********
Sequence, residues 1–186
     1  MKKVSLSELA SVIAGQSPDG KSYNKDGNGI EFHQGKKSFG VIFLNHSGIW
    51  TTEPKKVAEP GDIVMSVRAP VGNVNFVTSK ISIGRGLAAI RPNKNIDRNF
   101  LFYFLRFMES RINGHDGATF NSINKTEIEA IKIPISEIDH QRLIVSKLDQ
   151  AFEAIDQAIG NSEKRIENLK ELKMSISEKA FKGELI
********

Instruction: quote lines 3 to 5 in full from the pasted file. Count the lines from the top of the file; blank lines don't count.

    51  TTEPKKVAEP GDIVMSVRAP VGNVNFVTSK ISIGRGLAAI RPNKNIDRNF
   101  LFYFLRFMES RINGHDGATF NSINKTEIEA IKIPISEIDH QRLIVSKLDQ
   151  AFEAIDQAIG NSEKRIENLK ELKMSISEKA FKGELI